By Stephen Gowans
September 1, 2013
The US state is above international law, according to US president Barack Obama. In an address announcing that he was referring to the US Congress the decision to take military action against Syria, Obama declared that the United States needs to violate international law in order to enforce “the international system” and “international rules.” The international “system” and “rules” Obama referred to, which he apparently intended his audience to construe as “international law,” is not, in fact, international law, but rules Obama himself has unilaterally drawn up, and through rhetorical sleight of hand, attempted to pass off as international law. Yet, the very act Obama proposes—waging war on Syria without UN Security Council authorization, and to punish an act that, if there were hard evidence that it actually happened, would not be unlawful—is a flagrant violation of the authentic international system Obama deceptively claims he wishes to uphold. Obama has arrogated onto himself the powers and responsibilities of world ruler. He sets the rules, decides when they’re broken, and metes out the punishment.
The US president justified his self-elevation to the post of world emperor on moral grounds, arguing that the United States must punish heinous acts (though only those, real or imagined, of countries that are not US satellites; the heinous acts of satellite countries are allowed to continue with impunity, and often, US assistance.) In his statement, he asked:
• What message will we send if a dictator can gas hundreds of children to death in plain sight and pay no price?
• What’s the purpose of the international system that we’ve built if a prohibition on the use of chemical weapons that has been agreed to by the governments of 98 percent of the world’s people…is not enforced?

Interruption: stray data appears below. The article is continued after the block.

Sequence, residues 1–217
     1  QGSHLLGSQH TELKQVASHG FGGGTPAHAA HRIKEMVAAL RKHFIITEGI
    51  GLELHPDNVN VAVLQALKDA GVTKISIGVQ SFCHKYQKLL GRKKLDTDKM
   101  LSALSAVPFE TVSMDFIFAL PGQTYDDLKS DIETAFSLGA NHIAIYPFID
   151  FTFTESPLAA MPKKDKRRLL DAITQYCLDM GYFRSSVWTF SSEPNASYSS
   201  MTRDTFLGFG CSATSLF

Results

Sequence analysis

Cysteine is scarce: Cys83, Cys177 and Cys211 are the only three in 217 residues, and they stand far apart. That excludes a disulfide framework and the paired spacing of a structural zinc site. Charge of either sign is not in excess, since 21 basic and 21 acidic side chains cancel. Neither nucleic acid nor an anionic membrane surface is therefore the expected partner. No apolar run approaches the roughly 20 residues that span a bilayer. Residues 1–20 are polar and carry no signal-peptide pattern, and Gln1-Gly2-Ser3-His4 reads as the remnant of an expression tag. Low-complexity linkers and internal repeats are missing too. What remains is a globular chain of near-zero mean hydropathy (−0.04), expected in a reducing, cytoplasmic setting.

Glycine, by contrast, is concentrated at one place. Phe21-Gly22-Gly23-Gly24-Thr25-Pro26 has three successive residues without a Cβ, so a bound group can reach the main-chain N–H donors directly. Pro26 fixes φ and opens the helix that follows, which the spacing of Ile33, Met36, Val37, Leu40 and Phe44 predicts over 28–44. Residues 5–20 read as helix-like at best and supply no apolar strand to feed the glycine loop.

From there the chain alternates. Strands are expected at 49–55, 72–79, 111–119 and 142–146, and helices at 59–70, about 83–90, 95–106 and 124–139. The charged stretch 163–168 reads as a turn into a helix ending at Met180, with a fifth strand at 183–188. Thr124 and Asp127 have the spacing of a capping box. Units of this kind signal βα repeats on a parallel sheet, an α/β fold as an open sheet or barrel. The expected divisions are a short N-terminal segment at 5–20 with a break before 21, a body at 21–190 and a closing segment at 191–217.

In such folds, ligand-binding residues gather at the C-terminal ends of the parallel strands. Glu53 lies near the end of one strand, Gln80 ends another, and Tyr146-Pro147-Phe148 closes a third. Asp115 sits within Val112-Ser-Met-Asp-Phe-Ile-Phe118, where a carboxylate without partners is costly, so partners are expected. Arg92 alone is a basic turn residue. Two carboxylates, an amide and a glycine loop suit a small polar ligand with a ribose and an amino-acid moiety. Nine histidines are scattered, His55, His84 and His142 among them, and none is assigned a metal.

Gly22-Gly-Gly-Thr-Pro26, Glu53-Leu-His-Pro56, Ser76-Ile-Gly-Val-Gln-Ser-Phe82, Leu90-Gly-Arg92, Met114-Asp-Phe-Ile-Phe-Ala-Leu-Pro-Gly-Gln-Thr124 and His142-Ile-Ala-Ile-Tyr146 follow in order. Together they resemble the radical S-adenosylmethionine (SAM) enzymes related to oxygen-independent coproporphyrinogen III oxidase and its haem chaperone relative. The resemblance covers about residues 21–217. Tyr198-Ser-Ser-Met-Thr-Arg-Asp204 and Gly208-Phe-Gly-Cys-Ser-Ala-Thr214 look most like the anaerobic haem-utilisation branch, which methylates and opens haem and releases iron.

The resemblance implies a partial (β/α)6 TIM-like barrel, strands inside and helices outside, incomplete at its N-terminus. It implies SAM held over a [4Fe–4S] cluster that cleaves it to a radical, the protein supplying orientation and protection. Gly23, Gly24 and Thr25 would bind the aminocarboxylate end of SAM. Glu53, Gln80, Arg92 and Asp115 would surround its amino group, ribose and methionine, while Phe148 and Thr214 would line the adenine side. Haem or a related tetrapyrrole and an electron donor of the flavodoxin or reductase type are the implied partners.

• If we won’t enforce accountability in the face of this heinous act, what does it say about our resolve to stand up to others who flout fundamental international rules? To governments who would choose to build nuclear arms? To terrorists who would spread biological weapons? To armies who carry out genocide?
Laying aside the realities that: there is no hard evidence that the Syrian president was behind the heinous act and that it seems more likely that the opposition, Washington’s ally, was; that appointing to himself the moral duty to punish the perpetrator is rather rich coming from the leader of a country that has authored multiple heinous acts around the globe—and on an infinitely grander scale; that the agreement of other governments not to use chemical weapons has no relevance to what goes on within Syria, which has not signed onto international conventions against the weapons’ use (and neither have US allies Egypt and Israel); we might put these counter-questions to ourselves:
• What message will we, the world’s 99 percent, send if a president can autocratically appoint to himself the right bomb other countries without justification and without legitimate authority, and pay no price?
• What’s the purpose of the international system if a prohibition on the unlawful use of force that has been agreed to by the governments of 100 percent of the world’s people (the UN Charter) is ignored with impunity?
• If we, the 99 percent, won’t enforce accountability in the face of this act of aggression against Syria, which is to be carried out in brazen defiance of the international system, what does it say about our resolve to stand up to others who flout fundamental international rules? To a country that threatens non-nuclear countries with nuclear arms (as the United States does, reserving the right of first-strike against any country)? To a government which terrorizes civilians through bombing raids, “shock and awe” and drone attacks? To states that carry out genocide through sanctions of mass destruction (as the United States did in Iraq)?
Not only is Washington willing to brush aside international law when the UN Charter gets in the way of its foreign policy interests, it is also willing to toss evidence, reason and logic aside when they threaten its pretexts for war. Apropos of this, see counter-hegemonist Amal Saad-Ghorayeb’s 10 simple guidelines for ensuring methodological rigor, as inspired by US officials, here.